Special Issue "Animals in Islam"
A special issue of Religions (ISSN 2077-1444).
Deadline for manuscript submissions: closed (31 March 2020).
Interests: Qur’an studies, Animals in Islam, Arabic literature and civilization; Sustainability
Although the last few decades have witnessed the publication of many works on animal ethics in Islam, the field still has much to cover. The emerging set of problems characterizing the treatment of nonhuman animals in modern cultures raises new challenges with which modern societies, including Muslim ones, need to grapple. The current state of scholarship (Richard Foltz, Kristen Stilt, Basheer Masri) has already pointed out many issues in Muslims’ treatment and perception of nonhuman animals, especially in areas such as factory farming, animal sacrifice, and animal transportation; however, very few discussions have delved deep enough in these issues to illustrate the particularities of the Muslim experience or situate these problems in wider contexts.
Furthermore, premodern Islamic tradition has thought deeply about animal ethics and has accordingly produced a wealth of material on the topic. Although some of the tradition’s positions may be controversial by animal rights standards, study of this material still promises to contribute important insights to current debates on animal ethics. This is particularly the case because of the current juncture in the broader field of animal studies. Whereas earlier theories (Tom Regan, Gary Francione) focused mostly on animals’ negative rights (the right not to be harmed), thus exhibiting more affinity with Indian philosophies, with the so-called political turn the focus is switching to animals’ positive rights. A growing number of works (Sue Donaldson and Will Kymlicka, Alasdair Cochrane, Robert Garner, Tzachi Zamir) have challenged the proposition that humans’ use of other animals is inherently problematic and have proposed theories that seek to regulate, rather than abolish, human-nonhuman animal interaction. This position is more consonant with Islam’s approach.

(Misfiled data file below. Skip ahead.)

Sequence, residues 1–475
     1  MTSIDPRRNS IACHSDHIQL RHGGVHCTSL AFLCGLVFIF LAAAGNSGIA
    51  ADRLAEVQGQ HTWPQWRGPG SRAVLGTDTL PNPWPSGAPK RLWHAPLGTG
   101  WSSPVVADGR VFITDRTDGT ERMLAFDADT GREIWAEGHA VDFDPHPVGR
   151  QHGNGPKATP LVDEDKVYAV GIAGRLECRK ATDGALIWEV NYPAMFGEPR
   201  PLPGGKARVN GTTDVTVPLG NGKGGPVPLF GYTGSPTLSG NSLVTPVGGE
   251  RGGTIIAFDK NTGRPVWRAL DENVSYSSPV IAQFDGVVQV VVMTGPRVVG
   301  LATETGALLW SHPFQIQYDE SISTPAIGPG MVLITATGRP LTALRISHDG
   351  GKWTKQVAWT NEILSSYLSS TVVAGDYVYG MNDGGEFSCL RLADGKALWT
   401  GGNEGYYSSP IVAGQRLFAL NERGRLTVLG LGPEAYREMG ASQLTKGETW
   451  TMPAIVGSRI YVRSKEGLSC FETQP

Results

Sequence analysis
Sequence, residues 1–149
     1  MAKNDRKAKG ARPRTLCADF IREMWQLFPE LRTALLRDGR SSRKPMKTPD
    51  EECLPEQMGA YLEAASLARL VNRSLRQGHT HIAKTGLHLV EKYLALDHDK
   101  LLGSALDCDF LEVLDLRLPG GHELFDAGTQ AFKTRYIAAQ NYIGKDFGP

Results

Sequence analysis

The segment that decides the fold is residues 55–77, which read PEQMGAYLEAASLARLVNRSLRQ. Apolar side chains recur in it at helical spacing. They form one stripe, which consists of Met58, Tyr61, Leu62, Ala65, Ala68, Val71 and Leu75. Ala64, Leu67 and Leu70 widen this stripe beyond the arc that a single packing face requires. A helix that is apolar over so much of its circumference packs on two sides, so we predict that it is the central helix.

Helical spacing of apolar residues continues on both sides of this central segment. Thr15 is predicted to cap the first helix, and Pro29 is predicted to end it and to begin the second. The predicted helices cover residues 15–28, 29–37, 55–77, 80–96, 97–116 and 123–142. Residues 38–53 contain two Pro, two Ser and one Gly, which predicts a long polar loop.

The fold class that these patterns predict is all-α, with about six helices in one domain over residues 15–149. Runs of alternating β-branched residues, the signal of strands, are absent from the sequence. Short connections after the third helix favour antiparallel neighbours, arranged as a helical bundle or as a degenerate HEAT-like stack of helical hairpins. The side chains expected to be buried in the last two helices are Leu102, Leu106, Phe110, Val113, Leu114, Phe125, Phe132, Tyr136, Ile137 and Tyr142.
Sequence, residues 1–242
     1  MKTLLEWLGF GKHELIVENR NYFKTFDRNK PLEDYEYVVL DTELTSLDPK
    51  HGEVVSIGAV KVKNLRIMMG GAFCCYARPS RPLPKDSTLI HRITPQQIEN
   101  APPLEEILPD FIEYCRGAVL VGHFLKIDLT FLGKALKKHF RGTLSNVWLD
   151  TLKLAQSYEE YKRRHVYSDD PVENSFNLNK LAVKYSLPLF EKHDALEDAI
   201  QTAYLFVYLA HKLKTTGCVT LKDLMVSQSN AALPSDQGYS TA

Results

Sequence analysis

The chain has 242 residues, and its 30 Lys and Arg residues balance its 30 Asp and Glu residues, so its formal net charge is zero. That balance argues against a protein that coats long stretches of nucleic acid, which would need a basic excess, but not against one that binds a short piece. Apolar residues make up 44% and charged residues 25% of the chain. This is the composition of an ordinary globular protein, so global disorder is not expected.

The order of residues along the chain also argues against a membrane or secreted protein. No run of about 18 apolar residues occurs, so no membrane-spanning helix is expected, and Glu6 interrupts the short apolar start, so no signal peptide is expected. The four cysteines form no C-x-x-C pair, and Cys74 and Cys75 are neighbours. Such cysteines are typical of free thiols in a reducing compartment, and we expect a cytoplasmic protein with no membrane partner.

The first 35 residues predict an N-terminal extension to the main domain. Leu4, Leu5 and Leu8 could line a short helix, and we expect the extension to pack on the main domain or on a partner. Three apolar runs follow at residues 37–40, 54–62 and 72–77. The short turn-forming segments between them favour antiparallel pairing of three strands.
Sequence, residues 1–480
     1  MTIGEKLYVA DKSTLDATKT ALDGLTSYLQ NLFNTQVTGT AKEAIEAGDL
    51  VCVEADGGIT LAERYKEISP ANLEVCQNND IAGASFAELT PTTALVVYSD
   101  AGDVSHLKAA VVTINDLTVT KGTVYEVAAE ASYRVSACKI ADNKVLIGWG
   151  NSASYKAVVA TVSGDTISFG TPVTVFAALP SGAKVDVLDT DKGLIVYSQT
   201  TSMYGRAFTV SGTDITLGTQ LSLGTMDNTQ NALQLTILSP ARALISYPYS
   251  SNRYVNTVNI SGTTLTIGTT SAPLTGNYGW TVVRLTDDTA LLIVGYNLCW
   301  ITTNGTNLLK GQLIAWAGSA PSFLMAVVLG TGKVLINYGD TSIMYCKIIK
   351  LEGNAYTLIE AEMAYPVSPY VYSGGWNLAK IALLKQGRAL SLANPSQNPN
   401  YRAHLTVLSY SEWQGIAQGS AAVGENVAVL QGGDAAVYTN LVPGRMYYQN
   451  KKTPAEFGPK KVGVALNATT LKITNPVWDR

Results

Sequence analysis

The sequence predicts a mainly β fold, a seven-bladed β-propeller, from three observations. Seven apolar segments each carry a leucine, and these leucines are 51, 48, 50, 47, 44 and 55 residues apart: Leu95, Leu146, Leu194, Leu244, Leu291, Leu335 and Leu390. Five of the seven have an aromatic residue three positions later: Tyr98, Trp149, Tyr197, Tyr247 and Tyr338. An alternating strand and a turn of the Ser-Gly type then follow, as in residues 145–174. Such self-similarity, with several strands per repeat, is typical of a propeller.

This volume seeks to fill part of the gap in the field of animal studies in Islam by focusing on specific questions, such as the ethics of killing for food, captivity (petkeeping, domestication, animals in zoos) animal sacrifice, factory farming, animal transportation, and animals in the entertainment industry. It welcomes Empirical research addressing animal ethics in specific Muslim countries and explorations of animal themes in the thought of Muslim intellectuals (for example: Said Nursi, Fakhr al-Dīn al-Rāzī, Mūḥyī al-Dīn ibn al-‘Arabī, the Ikhwān al-Ṣafāʾ) and disciplines (for example: kalām, Sufism, jurisprudence).
Prof. Dr. Sarra Tlili
Manuscript Submission Information
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- Killing for food
- Ethics of captivity (Petkeeping, domestication, zoos)
- Animals in Sufism/Kalam/Jurisprudence
- Animals in modern Islamic religious discourse
- Factory farming
- Biomedical research
- Animal transportation
- Animal activism in the Muslim world